Laleh Khalili (CSSH 49-2 “‘Standing with My Brother’: Hizbullah, Palestinians, and the Limits of Solidarity”) has just published Time in the Shadows: Confinement in Counterinsurgencies (Stanford University Press, 2013). Here is how the press describes the book:
Detention and confinement—of both combatants and large groups of civilians—have become fixtures of asymmetric wars over the course of the last century. Counterinsurgency theoreticians and practitioners explain this dizzying rise of detention camps, internment centers, and enclavisation by arguing that such actions “protect” populations. In this book, Laleh Khalili counters these arguments, telling the story of how this proliferation of concentration camps, strategic hamlets, “security walls,” and offshore prisons has come to be. Time in the Shadows investigates the two major liberal counterinsurgencies of our day: Israeli occupation of Palestine and the U.S. War on Terror. In rich detail, the book investigates Abu Ghraib, Guantánamo Bay, CIA black sites, the Khiam Prison, and Gaza, among others, and links them to a history of colonial counterinsurgencies from the Boer War and the U.S. Indian wars, to Vietnam, the British small wars in Malaya, Kenya, Aden and Cyprus, and the French pacification of Indochina and Algeria. Khalili deftly demonstrates that whatever the form of incarceration—visible or invisible, offshore or inland, containing combatants or civilians—liberal states have consistently acted illiberally in their counterinsurgency confinements. As our tactics of war have shifted beyond slaughter to elaborate systems of detention, liberal states have warmed to the pursuit of asymmetric wars. Ultimately, Khalili confirms that as tactics of counterinsurgency have been rendered more “humane,” they have also increasingly encouraged policymakers to willingly choose to wage wars.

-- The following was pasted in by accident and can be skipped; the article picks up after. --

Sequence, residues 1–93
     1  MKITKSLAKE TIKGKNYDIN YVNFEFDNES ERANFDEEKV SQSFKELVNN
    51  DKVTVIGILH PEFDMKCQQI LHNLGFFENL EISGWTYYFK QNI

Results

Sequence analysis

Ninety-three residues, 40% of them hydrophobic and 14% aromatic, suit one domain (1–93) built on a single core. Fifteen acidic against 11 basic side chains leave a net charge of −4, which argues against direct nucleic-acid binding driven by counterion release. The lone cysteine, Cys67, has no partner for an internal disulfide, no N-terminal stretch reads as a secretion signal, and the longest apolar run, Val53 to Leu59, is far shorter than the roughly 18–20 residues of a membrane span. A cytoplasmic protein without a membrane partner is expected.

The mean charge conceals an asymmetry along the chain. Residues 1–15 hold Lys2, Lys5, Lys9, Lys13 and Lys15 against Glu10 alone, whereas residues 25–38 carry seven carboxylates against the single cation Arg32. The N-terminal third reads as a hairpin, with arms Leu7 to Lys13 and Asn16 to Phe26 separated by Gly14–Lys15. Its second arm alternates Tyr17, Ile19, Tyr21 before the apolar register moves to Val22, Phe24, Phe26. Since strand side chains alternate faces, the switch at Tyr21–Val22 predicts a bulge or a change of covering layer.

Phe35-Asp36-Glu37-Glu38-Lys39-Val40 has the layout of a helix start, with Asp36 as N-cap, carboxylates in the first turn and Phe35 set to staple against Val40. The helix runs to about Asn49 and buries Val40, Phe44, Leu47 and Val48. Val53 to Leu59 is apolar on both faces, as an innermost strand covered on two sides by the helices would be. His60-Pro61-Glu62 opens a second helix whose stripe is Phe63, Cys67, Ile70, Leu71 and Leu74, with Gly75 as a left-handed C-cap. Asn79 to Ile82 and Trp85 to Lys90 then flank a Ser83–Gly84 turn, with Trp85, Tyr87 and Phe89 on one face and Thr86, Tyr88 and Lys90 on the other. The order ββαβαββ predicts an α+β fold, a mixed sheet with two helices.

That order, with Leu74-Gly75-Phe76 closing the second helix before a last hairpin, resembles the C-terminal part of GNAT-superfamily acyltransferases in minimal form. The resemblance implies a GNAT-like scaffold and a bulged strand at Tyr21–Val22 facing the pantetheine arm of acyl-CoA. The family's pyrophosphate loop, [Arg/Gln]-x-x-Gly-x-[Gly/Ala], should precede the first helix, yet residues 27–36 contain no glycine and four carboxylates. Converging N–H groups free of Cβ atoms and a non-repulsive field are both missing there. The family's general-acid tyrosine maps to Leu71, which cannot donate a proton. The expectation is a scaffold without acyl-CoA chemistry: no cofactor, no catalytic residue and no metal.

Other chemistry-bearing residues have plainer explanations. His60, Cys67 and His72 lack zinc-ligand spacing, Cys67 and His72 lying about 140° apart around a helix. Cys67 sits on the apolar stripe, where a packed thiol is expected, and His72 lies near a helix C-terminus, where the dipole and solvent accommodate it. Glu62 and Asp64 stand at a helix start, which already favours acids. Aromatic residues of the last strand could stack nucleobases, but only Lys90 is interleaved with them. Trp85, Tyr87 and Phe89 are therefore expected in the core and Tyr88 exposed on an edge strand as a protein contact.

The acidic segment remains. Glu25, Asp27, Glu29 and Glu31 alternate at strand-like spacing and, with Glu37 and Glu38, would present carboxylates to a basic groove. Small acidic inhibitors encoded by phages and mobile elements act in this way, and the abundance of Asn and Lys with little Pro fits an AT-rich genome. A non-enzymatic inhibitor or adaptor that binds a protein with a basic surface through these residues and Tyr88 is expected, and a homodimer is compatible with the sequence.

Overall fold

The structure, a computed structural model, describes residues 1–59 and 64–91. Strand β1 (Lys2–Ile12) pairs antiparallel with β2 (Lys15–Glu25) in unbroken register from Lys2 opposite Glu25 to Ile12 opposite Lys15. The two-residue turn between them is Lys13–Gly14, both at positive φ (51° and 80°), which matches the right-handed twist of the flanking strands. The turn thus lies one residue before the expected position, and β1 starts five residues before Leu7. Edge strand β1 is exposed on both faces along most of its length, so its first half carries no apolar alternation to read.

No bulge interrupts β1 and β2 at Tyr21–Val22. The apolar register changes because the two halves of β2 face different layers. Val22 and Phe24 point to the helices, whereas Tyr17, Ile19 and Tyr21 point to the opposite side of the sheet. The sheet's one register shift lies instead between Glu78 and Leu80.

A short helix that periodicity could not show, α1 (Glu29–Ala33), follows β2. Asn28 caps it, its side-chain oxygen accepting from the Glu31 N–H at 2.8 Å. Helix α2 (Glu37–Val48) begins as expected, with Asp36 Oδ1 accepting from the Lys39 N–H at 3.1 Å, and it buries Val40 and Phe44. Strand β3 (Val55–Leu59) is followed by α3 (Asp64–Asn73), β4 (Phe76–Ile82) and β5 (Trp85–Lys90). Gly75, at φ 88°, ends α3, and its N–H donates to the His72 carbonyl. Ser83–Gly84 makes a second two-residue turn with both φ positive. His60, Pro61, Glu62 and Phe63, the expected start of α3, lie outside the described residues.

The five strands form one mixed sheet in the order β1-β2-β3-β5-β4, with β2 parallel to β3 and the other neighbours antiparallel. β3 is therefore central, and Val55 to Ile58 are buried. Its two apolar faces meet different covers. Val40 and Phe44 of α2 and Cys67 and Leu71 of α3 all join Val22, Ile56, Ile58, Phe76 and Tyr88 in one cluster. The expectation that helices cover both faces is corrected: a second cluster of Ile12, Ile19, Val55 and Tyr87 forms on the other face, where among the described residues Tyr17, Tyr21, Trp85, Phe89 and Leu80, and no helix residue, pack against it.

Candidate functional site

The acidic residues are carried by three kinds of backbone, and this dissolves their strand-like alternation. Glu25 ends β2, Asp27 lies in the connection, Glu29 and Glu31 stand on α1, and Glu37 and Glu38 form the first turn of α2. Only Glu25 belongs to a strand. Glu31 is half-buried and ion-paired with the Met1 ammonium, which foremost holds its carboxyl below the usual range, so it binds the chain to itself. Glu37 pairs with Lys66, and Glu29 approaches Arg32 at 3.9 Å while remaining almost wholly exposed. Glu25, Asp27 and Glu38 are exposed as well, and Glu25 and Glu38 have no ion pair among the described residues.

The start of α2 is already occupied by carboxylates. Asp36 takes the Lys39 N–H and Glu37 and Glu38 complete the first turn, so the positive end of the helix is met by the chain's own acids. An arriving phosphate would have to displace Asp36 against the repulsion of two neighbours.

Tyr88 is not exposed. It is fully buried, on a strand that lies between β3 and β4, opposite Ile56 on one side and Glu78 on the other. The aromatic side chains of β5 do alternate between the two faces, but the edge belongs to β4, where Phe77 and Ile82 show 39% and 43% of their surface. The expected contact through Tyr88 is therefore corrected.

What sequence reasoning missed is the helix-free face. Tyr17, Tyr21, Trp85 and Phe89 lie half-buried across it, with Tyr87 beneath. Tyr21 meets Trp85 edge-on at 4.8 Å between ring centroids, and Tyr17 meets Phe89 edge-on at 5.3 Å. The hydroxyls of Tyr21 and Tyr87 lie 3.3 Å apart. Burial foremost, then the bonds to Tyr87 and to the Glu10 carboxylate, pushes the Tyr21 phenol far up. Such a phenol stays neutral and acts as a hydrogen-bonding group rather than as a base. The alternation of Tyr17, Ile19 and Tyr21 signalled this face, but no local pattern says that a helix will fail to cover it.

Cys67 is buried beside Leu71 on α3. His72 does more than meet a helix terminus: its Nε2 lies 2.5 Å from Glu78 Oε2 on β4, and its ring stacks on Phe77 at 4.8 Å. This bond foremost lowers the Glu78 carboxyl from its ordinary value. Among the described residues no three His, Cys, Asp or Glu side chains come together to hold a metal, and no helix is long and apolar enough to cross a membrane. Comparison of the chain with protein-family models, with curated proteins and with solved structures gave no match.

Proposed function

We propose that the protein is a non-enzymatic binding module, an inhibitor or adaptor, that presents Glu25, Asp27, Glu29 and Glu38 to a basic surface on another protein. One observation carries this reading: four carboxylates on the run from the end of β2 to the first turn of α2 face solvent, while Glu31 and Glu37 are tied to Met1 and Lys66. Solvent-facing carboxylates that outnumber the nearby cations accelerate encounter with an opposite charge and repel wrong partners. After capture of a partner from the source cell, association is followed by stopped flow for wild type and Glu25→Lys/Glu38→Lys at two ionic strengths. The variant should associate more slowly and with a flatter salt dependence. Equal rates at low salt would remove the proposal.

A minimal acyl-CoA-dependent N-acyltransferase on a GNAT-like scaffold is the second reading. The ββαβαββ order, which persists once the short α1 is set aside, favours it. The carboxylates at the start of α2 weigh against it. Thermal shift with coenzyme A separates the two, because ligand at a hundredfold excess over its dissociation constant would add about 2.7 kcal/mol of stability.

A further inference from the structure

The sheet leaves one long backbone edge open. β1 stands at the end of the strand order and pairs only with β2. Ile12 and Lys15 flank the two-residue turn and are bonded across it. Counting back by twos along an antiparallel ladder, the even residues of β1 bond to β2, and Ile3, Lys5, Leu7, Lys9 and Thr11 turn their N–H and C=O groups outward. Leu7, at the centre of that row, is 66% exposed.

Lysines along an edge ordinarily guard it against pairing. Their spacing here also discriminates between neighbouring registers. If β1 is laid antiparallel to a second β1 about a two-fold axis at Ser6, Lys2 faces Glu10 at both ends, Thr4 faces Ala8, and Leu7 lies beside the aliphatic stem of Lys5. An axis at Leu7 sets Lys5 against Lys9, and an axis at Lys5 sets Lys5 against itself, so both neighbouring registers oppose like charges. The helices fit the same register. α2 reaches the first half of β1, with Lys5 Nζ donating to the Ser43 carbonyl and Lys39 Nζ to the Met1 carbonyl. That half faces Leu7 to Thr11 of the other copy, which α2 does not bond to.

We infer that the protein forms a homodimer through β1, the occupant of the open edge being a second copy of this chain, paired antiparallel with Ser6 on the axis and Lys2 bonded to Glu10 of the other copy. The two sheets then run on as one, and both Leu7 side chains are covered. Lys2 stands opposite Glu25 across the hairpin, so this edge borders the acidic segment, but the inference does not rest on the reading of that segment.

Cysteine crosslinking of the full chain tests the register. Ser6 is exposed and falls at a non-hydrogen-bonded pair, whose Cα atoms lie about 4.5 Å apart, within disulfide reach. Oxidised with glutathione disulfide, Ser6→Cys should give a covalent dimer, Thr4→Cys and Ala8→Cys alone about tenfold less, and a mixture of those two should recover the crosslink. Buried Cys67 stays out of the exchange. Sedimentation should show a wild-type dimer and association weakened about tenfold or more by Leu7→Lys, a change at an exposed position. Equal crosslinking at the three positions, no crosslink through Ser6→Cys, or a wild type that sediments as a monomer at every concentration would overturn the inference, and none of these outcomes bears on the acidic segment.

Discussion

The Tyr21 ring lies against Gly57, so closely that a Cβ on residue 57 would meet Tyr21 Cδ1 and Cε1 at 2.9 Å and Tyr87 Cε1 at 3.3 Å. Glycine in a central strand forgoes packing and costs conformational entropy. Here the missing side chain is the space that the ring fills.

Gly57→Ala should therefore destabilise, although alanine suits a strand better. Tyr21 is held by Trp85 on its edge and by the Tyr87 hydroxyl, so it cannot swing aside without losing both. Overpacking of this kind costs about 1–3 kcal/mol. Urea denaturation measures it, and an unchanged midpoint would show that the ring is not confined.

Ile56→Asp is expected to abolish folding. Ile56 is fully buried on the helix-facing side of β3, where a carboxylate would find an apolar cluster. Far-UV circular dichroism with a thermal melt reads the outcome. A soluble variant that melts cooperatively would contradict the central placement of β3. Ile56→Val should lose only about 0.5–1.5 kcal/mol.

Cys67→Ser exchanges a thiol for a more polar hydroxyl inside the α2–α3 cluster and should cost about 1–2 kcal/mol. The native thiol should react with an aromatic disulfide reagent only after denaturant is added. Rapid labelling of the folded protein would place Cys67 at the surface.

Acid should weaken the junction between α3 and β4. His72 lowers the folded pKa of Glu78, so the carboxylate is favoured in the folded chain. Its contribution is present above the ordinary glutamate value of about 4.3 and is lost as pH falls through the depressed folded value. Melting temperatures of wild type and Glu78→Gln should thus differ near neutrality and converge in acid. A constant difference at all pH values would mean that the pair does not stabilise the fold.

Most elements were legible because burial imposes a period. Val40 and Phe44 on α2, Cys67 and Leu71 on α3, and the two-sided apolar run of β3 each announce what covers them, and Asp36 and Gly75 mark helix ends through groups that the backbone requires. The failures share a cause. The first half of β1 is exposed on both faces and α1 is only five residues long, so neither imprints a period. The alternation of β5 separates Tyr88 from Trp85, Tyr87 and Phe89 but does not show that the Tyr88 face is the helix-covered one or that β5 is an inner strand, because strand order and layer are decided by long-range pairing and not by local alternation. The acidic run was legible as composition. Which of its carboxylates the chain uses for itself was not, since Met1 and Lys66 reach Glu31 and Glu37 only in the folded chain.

Water on Sand: Environmental Histories of the Middle East and North Africa (Oxford University Press, 2012) is a new collection edited by Alan Mikhail (CSSH 54-4, “The Ottoman Empire and the Imperial Turn,” with Christine Philliou). Oxford summarizes the book on their webpage:
From Morocco to Iran and the Black Sea to the Red, Water on Sand rewrites the history of the Middle East and North Africa from the Little Ice Age to the Cold War era. As the first holistic environmental history of the region, it shows the intimate connections between peoples and environments and how these relationships shaped political, economic, and social history in startling and unforeseen ways. Nearly all political powers in the region based their rule on the management and control of natural resources, and nearly all individuals were in constant communion with the natural world. To grasp how these multiple histories were central to the pasts of the Middle East and North Africa, the chapters in this book evidence the power of environmental history to open up new avenues of scholarly inquiry.
Liliana Riga (CSSH 48-4, “Ethnonationalism, Assimilation, and the Social Worlds of the Jewish Bolsheviks in Fin de Siècle Tsarist Russia“) has just published The Bolsheviks and the Russian Empire (Cambridge University Press, 2012). Cambridge University Press describes the book as follows: